Every year almost one million people die from suicide, a ‘global’ mortality rate of 10.7 per 100,000. In the United States (U.S.) someone attempts suicide every 31 seconds and an average of 1 person dies by suicide every 11.9 minutes, a rate of 13.3 per 100,000. These statistics reflect a steady rise in the rate of suicide in the U.S. since 2000. Suicide is the tenth leading cause of death in the country. An important consideration is that suicides have consistently been underreported for a variety of reasons. Researchers have estimated that suicide incidence may be 10-15% higher than officially recorded.
The US military is a subset of the US population with both shared and unique characteristics when compared to the US population. Historically, military suicide rates have been lower than those rates found in the general population. Conversely, with the wars in Iraq and Afghanistan, suicide rates among military personnel have substantially increased. Insomuch as, in 2010 suicide became the second leading cause of death for military personnel, after death by combat.
A number of psychosocial factors are associated with suicide risk. The most common individual stressors identified for both military suicide decedents and military suicide attempts were relationship problems, administrative/legal issues and workplace difficulties. Other medical conditions that are associated with an increased risk for suicide include traumatic brain injury (TBI), chronic pain, and sleep disorders. These conditions can contribute substantially to increased suicide risk in affected individuals. The most common method for suicide in the DoD is firearms, accounting for over 60 percent of all suicide deaths in the military.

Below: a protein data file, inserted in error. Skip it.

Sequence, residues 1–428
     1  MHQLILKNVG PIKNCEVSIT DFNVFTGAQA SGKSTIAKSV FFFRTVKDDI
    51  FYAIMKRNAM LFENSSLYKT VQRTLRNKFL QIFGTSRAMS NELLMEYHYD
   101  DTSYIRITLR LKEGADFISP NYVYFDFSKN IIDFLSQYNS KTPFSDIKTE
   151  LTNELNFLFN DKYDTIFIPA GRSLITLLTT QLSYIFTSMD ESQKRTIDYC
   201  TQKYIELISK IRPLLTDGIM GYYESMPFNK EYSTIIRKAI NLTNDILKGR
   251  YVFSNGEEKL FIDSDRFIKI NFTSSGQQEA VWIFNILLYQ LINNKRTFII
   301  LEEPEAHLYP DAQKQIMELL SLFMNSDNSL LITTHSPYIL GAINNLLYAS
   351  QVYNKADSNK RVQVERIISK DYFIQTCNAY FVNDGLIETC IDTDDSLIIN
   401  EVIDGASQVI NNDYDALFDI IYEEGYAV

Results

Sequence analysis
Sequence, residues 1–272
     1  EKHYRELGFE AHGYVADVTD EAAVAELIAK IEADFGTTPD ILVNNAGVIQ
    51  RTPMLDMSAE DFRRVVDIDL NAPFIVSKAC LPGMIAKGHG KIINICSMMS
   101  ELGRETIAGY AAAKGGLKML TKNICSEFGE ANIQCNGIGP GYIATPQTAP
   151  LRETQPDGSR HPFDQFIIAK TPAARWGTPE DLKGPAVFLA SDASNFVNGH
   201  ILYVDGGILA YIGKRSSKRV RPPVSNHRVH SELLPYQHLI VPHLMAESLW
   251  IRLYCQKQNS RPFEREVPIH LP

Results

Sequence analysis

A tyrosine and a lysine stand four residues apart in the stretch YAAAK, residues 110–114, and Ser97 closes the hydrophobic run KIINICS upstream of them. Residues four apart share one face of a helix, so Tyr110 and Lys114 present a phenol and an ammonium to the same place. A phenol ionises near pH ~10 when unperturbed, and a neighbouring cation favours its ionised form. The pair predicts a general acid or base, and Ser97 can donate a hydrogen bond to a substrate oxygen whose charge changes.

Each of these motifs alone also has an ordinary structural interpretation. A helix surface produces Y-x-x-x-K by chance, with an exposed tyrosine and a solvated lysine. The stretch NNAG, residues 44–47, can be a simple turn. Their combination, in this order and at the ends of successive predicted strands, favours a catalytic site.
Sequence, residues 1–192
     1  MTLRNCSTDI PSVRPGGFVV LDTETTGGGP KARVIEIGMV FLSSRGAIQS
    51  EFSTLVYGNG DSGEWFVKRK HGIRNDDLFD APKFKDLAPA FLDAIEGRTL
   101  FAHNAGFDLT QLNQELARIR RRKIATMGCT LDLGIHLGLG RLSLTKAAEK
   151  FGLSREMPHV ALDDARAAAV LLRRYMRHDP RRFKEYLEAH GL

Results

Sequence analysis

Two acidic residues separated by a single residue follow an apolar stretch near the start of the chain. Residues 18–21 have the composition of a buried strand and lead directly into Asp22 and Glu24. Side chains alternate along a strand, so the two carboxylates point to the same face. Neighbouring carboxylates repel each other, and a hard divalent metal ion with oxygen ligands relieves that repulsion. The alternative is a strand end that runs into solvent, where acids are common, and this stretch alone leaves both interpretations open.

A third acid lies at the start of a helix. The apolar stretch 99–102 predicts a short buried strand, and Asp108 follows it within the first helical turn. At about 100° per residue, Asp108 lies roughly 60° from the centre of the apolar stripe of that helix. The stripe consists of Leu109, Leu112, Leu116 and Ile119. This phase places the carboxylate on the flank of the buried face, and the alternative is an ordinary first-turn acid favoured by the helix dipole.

Elevated suicide risk has been shown to endure well beyond military service, with Veterans carrying a much greater risk for suicide than their civilian counterparts. According to the Office of Suicide Prevention (2016), Veterans account for approximately 18% of all adult suicide deaths in the U.S. Interestingly, Veterans represent only 8.5% of the U.S. population, highlighting the disproportionate number of suicide deaths in this population. This means that approximately 20 Veterans die each day by suicide. Like Service members, the most common method for suicide among US Veterans is firearms, accounting for over two-thirds of all Veteran suicides.
With the significant increased suicide rates in our military population, it is imperative that we provide evidence-based psychotherapies developed specifically to target suicidal thoughts and behaviors. Cognitive Therapy for Suicide Prevention (CT-SP) is an evidence-based treatment recommended by the VA/DOD Clinical Practice Guideline for the Assessment and Management of Patient’s at Risk for Suicide (2013). CT-SP is a structured, time-limited, present-focused approach that helps patients develop coping skills and strategies to overcome suicidal crises.
For a brief description of CT-SP, click here . CDP offers two-day training workshops in the assessment, prevention and treatment of suicidal thoughts and behavior using both in-person and live online formats. Click Upcoming Training Events to view future training opportunities and to learn how to how to register for a training event.